Exercise 2: Artificial Light



For this exercise we had to capture ‘the beauty of artificial light’ in a short sequence of shots.

I decided to shoot neon signs in the Claremont Pier’s beach bar, ‘Piranha Joes’. I had noticed them when I had taken my youngest in there for a break out of the sun.

The chosen images were placed in a grid because they formed a much stronger composition when compared to viewing them individually or within a line. I was able to look at shapes, lines and forms to place the images into specific places within the grids to emphasise them as well as to encourage the viewers eye to move around the grid.

Contact Sheet


  • Lens: 14-42mm (28-84mm, 35mm equivalent)
  • ISO: 1000
  • Exposure: Manual
  • W.B. Auto
  • File Type: RAW and jpeg

The Shoot

The shoot itself was quite a straight forward one. All of the neon signs that I had wanted to access were all hung on one wall. To approach the different signage, I decided to shoot at different angles and mainly close to them. By taking photographs at the viewpoints that I had specifically chosen, I found that the nearer I shot the images, the more abstract the finished images became.

If we look at ‘Blue beer’ below for instance, I was able to dramatically focus more on shapes and lines. For me this was very pleasing as the signs could be represented far more creatively than if i shot them straight on and further away.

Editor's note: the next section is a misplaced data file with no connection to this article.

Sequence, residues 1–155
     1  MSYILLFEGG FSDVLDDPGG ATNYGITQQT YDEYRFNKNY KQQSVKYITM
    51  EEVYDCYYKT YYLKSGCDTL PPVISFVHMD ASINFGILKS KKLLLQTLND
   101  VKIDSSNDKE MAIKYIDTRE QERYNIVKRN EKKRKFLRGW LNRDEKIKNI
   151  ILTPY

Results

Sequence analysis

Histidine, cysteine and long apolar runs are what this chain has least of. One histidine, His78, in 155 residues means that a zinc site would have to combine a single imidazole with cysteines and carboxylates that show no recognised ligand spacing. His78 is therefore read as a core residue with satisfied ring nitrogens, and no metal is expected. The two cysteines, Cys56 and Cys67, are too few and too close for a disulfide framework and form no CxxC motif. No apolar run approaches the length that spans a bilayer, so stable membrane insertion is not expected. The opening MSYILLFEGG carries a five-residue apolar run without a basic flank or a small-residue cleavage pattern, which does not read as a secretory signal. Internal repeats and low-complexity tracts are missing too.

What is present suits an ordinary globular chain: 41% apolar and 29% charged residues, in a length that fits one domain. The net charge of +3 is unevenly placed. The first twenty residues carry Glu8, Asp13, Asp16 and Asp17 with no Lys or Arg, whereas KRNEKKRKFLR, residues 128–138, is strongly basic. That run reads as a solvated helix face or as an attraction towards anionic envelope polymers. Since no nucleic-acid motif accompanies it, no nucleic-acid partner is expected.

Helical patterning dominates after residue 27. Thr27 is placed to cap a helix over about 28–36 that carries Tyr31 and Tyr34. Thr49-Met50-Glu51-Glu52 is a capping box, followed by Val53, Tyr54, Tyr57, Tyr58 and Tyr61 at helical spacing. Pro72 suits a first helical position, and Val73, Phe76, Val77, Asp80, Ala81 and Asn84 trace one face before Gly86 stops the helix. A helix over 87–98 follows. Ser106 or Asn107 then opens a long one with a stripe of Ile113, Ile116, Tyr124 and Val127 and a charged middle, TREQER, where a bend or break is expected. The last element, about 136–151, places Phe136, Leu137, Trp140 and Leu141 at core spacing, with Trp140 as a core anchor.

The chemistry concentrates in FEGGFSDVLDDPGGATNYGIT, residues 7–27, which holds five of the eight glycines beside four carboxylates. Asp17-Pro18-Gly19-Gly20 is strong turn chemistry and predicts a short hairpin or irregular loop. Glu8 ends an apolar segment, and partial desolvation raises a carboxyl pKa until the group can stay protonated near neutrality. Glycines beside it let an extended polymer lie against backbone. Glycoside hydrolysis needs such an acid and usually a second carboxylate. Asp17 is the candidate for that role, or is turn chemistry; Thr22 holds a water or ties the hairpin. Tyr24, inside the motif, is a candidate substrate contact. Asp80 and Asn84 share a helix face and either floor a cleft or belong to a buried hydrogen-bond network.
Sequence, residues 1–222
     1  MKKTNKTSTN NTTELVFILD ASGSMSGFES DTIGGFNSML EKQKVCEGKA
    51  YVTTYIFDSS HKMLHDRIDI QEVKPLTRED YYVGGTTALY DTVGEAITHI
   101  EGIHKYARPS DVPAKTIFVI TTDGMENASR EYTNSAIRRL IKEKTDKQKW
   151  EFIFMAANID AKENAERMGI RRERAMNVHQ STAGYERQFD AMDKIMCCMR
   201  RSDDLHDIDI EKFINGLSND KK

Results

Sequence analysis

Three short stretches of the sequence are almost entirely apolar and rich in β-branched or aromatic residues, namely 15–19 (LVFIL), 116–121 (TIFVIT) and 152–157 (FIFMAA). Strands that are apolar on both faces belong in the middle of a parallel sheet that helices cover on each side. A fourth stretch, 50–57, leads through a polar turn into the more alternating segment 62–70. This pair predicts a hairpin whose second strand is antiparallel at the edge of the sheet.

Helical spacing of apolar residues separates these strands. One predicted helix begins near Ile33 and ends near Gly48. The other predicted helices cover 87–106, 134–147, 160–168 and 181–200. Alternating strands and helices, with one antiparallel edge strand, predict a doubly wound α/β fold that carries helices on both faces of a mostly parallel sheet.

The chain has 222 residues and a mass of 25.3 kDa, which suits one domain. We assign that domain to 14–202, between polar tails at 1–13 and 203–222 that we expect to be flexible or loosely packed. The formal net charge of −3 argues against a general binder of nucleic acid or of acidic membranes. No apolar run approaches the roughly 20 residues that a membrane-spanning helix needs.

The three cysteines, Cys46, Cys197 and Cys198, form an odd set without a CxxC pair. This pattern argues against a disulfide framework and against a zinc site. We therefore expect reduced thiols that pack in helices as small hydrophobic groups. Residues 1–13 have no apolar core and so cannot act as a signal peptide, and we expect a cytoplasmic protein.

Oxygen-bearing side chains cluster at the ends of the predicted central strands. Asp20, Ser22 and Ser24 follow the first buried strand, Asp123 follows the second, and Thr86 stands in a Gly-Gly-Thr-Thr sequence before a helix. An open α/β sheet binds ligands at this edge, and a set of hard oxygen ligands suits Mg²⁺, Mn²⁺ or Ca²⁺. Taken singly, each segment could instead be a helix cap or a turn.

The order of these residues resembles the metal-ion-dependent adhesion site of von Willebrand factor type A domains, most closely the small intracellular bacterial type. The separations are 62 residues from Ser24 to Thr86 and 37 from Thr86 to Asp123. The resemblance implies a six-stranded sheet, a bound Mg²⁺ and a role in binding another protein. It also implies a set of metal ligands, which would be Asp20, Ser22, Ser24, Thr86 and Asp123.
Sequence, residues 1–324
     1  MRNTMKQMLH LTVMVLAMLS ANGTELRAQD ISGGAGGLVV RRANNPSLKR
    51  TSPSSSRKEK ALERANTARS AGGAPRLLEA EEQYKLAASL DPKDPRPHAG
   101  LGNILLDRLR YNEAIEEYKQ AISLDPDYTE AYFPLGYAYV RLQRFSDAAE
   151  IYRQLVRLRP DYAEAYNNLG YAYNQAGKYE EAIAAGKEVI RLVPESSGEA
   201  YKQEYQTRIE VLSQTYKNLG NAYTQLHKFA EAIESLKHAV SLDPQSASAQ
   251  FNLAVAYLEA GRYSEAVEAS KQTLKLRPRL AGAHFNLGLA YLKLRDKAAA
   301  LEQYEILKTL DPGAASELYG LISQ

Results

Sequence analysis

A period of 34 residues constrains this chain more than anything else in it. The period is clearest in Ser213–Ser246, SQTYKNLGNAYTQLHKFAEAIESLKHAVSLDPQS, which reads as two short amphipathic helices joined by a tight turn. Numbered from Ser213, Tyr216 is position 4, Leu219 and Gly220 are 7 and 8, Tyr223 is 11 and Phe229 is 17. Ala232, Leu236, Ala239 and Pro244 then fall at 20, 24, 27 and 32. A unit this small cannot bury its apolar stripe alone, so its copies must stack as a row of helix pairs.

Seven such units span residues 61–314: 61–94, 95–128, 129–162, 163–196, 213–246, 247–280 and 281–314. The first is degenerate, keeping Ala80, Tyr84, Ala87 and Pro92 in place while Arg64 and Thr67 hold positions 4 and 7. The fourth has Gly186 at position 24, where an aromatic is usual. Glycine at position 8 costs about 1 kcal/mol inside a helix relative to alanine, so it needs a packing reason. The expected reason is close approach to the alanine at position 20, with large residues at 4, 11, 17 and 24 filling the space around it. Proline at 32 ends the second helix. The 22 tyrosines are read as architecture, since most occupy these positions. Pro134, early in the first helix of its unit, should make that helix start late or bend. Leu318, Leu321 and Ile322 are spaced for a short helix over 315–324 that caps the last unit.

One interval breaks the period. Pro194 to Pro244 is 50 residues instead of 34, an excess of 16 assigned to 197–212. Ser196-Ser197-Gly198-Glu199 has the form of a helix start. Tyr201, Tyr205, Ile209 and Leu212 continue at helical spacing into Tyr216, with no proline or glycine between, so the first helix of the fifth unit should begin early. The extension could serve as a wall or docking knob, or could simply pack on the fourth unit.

I approached both of the neon signs below differently. With ‘Blue Beer’ I shot as close as I was able without causing any out of focus areas. In contrast, ‘Gold Captain Morgan’, although shot at angles, was taking a step away so that the sign detail was more visible and more informative to the eye.

The completed grids can be seen below.

Image 1: Blue Beer
Image : Gold Captain Morgan


The difference between daylight and artificial light varies considerably. The natural daylight source is constantly changing, such as in strength, direction, colour and hue.

Artificial light is static, in that it is a source that emanates from a specific fixed spot. The strength of the light from an artificial source is also constant depending on the gas or bulb watts or lumens measurements.

The time of day alters how we perceive the neon signs colours. In the daylight the colours are washed out and not as vibrant, they also change depending on the lights temperature and strength. The combination of different daylight colours and neon lights remind me of when I am shading with pencils or painting with watercolours and the colours combine into different hues, it is unpredictable and can only be tamed by man’s use of equipment and camera settings.

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